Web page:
Let’s start this admittedly provocative post with a question: Anybody out there actually doing records management in SharePoint?
And before you answer, let me emphasize that I mean real records management, like, with actual, system-enabled automated disposition according to your retention schedule.
If you answered “yes” to this question, please jump immediately to the comments section and let us all know (and while you’re at it, give us some indication of how on earth you’re doing it), because based on my experience, I’d be willing to bet the answer to this question is going to be “no” in 99.9% of all cases.
And while I’m in a betting mood, I’d also be willing to bet that if you answered “yes”, you 100% aren’t doing it with out of the box SharePoint, because out of the box SharePoint can’t do records management at the level the vast majority of organizations require—it just doesn’t, people, no matter how much Microsoft claims that it does, or trumpets that fact that they themselves use it to. But don’t just take my word for it, ask Bruce Miller.
Gauntlet – thrown
And lest you think I’m heaping blame on already blame-laden records managers out there, let me say right off the bat that the real problem with records management in SharePoint is that Microsoft doesn’t really understand records management or what it takes to enable it with an enterprise content management (ECM) system.
Exhibit A: SharePoint 2007, which was supposed to be “records management ready”, but required users to put all their records in a separate area (the records center) to manage them. Getting users to work in two different sites, one for records and one for the rest of their stuff? Say it with me: never, gonna, happen. And never did happen.
Exhibit B: SharePoint 2010 didn’t get much better. True, you could now manage records in place, but 2010 drove records retention and disposition using content types, which, if you had a few hundred of them, were incredibly cumbersome to work with from an administrative and architectural perspective; which is precisely how many most organizations need at a minimum to support their retention schedules; which is why I haven’t seen a single organization using SharePoint 2010 to do real records management (i.e., with actual, system-enabled retention and disposition according to the retention schedule), and I run into a few hundred Fortune 1000 companies a year between projects, sales calls, and events.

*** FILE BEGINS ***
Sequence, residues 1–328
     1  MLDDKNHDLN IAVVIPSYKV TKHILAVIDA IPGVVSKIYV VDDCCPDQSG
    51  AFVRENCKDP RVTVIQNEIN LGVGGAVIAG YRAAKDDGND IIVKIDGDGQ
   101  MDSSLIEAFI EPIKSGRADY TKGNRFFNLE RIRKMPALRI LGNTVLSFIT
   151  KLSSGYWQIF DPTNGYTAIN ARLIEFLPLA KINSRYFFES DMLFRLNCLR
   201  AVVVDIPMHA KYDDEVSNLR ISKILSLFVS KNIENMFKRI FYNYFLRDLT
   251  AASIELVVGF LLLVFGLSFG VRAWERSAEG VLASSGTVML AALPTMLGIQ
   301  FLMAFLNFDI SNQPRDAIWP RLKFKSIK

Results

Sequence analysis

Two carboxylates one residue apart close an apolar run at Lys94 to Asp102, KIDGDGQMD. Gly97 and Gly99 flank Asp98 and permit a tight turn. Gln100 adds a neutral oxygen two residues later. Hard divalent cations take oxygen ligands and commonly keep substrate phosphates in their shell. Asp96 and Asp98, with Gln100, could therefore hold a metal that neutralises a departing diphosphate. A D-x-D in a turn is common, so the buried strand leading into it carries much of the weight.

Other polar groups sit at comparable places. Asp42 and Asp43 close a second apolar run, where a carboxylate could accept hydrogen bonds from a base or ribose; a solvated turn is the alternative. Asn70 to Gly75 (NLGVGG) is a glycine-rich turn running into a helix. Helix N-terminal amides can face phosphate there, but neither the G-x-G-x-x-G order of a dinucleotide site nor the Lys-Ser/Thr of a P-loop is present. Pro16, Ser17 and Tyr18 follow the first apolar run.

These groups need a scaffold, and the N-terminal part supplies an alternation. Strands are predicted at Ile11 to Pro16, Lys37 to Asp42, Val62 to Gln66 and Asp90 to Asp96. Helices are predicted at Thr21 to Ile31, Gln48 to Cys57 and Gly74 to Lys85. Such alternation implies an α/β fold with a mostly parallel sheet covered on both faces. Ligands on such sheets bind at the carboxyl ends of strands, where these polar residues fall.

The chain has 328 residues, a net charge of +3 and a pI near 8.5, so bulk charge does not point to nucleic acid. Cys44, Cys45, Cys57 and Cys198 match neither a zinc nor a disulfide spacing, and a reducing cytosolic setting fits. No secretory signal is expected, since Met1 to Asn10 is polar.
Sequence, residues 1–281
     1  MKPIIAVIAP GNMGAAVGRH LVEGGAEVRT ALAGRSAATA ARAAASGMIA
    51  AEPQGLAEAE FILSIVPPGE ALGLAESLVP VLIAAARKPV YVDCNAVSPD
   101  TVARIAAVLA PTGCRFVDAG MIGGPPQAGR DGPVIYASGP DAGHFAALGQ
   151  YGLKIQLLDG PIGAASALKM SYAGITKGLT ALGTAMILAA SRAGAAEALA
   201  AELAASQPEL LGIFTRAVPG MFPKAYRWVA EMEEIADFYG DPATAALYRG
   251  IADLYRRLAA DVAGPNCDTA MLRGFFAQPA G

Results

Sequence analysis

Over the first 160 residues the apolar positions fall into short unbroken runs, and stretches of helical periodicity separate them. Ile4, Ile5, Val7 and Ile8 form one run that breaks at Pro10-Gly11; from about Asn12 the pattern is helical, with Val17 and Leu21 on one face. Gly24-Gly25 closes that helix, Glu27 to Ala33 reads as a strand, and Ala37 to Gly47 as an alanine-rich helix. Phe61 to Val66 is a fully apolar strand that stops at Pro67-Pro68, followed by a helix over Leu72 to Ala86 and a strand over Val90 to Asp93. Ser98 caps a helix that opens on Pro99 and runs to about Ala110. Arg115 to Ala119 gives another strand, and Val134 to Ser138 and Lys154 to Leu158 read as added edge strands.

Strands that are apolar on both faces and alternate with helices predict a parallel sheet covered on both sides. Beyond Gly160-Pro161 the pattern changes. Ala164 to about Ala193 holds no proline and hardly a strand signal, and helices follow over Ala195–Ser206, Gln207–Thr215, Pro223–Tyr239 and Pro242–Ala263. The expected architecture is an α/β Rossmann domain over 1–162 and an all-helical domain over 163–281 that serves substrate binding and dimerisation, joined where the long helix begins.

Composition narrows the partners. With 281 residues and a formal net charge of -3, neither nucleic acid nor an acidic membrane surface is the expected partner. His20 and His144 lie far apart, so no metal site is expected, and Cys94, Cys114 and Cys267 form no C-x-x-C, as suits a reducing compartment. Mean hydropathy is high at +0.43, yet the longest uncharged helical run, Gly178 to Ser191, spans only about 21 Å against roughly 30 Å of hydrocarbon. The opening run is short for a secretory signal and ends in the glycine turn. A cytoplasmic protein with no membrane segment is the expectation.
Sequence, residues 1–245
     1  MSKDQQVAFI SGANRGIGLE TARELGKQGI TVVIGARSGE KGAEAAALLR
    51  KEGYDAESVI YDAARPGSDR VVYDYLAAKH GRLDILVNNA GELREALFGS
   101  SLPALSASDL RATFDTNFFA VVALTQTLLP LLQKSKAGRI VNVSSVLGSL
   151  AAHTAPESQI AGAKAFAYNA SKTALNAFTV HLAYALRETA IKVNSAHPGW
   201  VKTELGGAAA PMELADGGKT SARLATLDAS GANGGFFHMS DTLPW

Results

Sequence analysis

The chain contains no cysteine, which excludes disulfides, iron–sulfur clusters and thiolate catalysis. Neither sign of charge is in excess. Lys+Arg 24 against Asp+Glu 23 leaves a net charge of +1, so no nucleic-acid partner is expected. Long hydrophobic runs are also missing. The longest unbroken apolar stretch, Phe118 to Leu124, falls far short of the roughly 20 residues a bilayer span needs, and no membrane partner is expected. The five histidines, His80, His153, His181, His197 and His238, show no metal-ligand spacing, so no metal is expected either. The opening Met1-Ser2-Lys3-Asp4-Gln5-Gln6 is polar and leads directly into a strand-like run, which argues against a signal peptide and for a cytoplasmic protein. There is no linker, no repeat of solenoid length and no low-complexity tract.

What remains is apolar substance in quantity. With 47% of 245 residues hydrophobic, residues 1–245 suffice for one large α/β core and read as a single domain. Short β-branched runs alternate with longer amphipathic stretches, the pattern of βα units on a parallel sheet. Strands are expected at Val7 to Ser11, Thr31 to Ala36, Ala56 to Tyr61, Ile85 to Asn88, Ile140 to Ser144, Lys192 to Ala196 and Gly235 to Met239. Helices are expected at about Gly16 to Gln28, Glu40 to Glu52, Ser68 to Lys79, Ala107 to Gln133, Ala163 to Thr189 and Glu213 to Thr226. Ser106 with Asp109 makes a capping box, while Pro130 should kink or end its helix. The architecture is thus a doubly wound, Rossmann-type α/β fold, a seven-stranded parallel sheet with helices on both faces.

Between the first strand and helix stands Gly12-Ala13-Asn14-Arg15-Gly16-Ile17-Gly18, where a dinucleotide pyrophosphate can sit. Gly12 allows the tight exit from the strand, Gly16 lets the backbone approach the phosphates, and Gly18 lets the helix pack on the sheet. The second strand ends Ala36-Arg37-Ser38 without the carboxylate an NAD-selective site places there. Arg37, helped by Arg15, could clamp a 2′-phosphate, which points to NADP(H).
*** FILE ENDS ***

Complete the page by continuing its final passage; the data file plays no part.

The problem is bigger than SharePoint
Now before I get accused of bashing SharePoint here, let me let you all in on a dirty little secret: 99% of organizations are not doing automated records management on an enterprise scale. And this is true whether they have SharePoint, IBM FileNet/P8/CMOD, EMC Documentum, OpenText, Hyland OnBase—whatever. In the end, it doesn’t matter: for a whole host of reasons, some of them technical, some of them organizational, so few folks are actually doing automated records management that we could accurately say that no one is.
Let’s look at some anecdotal evidence for my claim and then turn to some of the reasons why before exploring how we might turn this around.
First, at every ARMA, AIIM, EFM, or other ECM-related event I speak at, I always ask the audience, “who’s doing retention and disposition on electronically stored information (ESI) according to the retention schedule?”, and I never get more than a hand or two in response…and then I ask a follow-up: “Even on shared drives and hard drives?”, and all the hands go down.
Second, no client I’ve ever worked with (somewhere north of 120, all Fortune 1000) has managed to do automated records management on any significant basis. And if you widen the sample to all the Fortune 1000 clients my firm has worked with (somewhere between 400-500), there is only one, a North American bank, that is doing so.
In addition to this lone firm, I had one person speak up one time at an event to say that their firm (a global construction company) was doing automated records management on all ESI…and she stuck to her guns even after my follow-up question about all ESI.
So that’s two organizations out of 400-500 my firm has directly worked with, which is about a half a percent—not good numbers considering we’ve had automated records management software in some form since at least the turn of the millennium. And the number gets worse if you include the 1000+ firms I’ve informally polled at events or talked to as part of the sales cycle.
The final word
So SharePoint or no, we are terrible at automated records management across the board, irrespective of industry or platform—I think that’s an indisputable fact. If you disagree, by all means jump in and let’s get a good argument going.
In the next post, I’ll move on from the problem to a discussion of why we might find ourselves in this mess and suggest some ways that we could move forward–ways that some forward-leaning organizations are already exploring to fix their records management problems.